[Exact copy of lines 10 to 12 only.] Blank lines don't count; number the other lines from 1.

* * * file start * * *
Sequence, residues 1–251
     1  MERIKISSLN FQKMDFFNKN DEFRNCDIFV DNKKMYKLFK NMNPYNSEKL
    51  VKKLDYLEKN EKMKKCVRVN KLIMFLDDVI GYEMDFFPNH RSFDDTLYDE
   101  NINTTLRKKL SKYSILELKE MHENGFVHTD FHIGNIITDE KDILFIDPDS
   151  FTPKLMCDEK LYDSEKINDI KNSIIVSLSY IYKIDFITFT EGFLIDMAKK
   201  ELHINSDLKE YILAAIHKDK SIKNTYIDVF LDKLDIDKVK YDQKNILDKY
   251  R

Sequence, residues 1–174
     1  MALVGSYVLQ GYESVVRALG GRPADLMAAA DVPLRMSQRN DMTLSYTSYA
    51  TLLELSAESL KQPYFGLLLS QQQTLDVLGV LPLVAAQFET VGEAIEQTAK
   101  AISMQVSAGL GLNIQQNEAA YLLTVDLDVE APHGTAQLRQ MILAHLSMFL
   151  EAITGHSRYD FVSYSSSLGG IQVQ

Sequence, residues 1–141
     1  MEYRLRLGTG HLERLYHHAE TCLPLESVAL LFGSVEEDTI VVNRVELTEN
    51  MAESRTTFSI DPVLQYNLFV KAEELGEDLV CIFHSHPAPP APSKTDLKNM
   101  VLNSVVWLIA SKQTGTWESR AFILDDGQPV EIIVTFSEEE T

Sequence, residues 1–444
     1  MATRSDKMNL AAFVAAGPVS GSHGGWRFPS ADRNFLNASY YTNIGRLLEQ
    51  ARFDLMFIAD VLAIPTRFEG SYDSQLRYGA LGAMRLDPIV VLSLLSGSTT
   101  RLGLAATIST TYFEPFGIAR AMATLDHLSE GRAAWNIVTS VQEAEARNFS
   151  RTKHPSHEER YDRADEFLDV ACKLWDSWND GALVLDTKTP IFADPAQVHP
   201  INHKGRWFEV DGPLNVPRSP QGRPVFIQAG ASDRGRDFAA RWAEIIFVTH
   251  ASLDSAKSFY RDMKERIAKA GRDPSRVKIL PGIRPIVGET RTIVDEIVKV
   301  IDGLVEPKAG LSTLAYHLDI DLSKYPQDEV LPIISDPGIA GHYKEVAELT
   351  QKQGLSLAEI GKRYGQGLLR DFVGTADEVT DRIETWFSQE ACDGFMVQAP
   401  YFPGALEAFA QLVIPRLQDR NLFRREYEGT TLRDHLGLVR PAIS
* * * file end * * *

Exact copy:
    51  TLLELSAESL KQPYFGLLLS QQQTLDVLGV LPLVAAQFET VGEAIEQTAK
   101  AISMQVSAGL GLNIQQNEAA YLLTVDLDVE APHGTAQLRQ MILAHLSMFL
   151  EAITGHSRYD FVSYSSSLGG IQVQ